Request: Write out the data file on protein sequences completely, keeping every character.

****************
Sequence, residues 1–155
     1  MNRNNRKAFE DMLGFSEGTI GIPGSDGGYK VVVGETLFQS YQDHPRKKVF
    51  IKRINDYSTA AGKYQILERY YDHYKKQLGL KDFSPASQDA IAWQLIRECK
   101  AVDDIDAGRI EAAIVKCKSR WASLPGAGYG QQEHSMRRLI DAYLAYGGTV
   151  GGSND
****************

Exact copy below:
Sequence, residues 1–155
     1  MNRNNRKAFE DMLGFSEGTI GIPGSDGGYK VVVGETLFQS YQDHPRKKVF
    51  IKRINDYSTA AGKYQILERY YDHYKKQLGL KDFSPASQDA IAWQLIRECK
   101  AVDDIDAGRI EAAIVKCKSR WASLPGAGYG QQEHSMRRLI DAYLAYGGTV
   151  GGSND